Christine Rousselle

More than 50 people have been indicted in Georgia for what is likely to be one of, if not the, largest welfare fraud rings ever uncovered. Over $18 million in WIC and SNAP benefits were exchanged for cash at a variety of stores throughout the state.

A federal grand jury in Savannah on Tuesday indicted 54 people in what it called "one of the largest federal food program frauds ever prosecuted."

The ring purchased more than $18 million in WIC vouchers and food-stamp benefits through stores setup throughout Georgia specifically for that purpose, according to a news release.

According to the FBI, many of the defendants canvassed lower-income neighborhoods offering to pay cash for WIC and food stamp benefits. These purchased benefits were then reimbursed for full value from the federal government.

Once the purported stores were opened and approved as WIC and Food Stamp vendors, many of the defendants allegedly canvassed low-income neighborhoods and solicited WIC and Food Stamp participants to illegally exchange their benefits not for food but for cash. The defendants then allegedly bought WIC and Food Stamp benefits for cash at a fraction of the amount they received from the USDA by redeeming the benefits they had purchased. The defendants also allegedly conspired to launder over $18 million in proceeds received from their fraud upon the WIC and Food Stamp programs.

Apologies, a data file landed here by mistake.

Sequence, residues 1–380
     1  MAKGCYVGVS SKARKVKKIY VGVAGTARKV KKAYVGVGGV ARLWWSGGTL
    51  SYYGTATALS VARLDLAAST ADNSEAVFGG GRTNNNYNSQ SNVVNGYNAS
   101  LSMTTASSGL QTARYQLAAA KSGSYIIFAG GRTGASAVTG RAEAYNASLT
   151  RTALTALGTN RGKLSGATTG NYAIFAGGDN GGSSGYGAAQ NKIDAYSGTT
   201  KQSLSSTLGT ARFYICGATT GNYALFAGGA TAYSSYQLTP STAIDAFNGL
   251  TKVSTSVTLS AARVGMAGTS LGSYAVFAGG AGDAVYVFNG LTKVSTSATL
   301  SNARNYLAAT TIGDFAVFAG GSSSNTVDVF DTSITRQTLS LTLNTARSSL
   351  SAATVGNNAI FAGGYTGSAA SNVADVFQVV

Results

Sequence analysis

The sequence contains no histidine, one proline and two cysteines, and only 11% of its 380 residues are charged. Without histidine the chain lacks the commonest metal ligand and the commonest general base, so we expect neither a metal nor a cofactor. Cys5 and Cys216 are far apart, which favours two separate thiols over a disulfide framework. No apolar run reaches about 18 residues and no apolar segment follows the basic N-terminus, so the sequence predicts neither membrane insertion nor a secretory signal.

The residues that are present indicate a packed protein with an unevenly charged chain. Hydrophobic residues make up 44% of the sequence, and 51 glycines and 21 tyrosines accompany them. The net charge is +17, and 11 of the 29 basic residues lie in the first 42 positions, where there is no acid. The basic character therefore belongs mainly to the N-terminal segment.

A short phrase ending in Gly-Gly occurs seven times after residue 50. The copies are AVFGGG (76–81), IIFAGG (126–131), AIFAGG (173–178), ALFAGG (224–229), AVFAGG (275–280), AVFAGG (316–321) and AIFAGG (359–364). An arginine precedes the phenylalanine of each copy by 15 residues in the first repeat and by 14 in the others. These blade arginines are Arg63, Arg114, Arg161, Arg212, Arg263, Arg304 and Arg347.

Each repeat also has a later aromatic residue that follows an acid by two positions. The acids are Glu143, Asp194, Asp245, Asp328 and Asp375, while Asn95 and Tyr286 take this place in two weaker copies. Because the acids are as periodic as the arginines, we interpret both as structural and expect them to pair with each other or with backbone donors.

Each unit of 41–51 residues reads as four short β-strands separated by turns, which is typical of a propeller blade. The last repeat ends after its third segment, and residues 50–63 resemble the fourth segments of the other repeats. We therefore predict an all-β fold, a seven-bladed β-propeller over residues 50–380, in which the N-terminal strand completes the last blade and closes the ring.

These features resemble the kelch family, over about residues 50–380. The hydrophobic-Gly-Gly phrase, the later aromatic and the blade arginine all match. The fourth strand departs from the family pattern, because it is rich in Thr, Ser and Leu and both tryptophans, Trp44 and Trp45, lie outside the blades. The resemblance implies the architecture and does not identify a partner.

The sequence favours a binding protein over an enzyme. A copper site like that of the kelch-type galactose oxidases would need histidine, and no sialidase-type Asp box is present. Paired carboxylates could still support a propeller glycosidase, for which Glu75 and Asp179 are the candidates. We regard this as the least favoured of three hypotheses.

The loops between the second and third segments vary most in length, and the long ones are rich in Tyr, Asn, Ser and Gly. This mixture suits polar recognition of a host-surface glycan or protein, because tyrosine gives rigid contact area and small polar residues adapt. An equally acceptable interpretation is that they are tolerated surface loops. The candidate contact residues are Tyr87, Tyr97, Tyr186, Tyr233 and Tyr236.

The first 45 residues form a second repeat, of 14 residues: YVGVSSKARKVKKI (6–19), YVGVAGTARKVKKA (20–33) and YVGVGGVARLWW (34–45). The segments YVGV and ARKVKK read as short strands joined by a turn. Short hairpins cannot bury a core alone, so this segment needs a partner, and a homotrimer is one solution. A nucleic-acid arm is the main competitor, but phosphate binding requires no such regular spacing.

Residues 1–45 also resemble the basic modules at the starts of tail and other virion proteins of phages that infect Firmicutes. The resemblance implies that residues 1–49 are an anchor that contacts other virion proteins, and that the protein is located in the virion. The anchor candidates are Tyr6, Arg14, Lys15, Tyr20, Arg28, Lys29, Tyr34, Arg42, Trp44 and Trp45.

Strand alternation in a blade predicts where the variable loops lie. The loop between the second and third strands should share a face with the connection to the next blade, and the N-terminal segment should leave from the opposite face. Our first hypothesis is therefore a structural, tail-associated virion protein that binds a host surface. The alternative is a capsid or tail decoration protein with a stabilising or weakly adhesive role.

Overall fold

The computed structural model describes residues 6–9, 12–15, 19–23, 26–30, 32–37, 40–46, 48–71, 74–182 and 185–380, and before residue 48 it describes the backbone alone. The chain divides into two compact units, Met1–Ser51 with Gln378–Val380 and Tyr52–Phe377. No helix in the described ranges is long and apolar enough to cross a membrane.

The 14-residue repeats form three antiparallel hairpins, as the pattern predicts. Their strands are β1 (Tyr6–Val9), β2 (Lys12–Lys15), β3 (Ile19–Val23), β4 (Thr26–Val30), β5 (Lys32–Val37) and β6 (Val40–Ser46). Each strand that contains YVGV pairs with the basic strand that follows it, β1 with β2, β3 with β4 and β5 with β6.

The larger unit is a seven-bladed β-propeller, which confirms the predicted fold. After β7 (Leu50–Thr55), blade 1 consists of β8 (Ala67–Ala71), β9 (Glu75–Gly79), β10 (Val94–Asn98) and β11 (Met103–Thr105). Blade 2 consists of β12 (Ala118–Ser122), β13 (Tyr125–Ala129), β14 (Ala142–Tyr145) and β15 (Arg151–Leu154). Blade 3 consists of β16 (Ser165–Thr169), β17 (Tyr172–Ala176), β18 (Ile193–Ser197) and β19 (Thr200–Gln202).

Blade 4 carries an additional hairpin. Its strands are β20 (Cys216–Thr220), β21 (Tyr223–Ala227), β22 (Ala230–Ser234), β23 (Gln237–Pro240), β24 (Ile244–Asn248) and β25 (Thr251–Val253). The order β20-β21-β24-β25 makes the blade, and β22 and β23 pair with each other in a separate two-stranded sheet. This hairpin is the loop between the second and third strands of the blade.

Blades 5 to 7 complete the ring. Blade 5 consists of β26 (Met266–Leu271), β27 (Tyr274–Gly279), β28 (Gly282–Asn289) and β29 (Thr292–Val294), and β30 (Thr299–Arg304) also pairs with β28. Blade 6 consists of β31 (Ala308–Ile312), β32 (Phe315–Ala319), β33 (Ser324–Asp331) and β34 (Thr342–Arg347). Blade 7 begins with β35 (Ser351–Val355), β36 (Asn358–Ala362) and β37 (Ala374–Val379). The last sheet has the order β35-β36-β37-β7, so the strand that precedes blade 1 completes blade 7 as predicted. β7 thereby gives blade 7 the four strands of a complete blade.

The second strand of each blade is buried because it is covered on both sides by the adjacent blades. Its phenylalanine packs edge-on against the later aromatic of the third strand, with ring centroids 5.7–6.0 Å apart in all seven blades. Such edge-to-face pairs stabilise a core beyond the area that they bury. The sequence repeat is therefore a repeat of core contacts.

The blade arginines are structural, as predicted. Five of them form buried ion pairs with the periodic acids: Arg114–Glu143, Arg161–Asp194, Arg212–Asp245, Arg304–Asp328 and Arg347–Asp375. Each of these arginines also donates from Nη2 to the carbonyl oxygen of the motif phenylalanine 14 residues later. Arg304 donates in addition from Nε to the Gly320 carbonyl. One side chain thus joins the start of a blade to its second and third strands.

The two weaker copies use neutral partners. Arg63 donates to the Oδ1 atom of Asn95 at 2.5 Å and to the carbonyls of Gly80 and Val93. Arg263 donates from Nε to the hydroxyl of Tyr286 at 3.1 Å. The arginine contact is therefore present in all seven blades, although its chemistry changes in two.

Each of the defendants face up to 20 years in prison for money laundering in addition to another 20 year sentence for mail and wire fraud conspiracy.

This story is both sad and infuriating. Eighteen million dollars is a large sum of money, and that number represents money that wasn't spent on its intended purpose of providing nutrition to the needy. The state wasted money, and children whose mothers sold their WIC vouchers likely went hungry. While I'm glad the fraudsters were arrested, Georgia needs to take steps to ensure that this doesn't happen ever again.


Christine Rousselle

Christine Rousselle is a web editor with Townhall.com. Follow her on Twitter at @crousselle.

Author Photo credit: Jensen Sutta Photography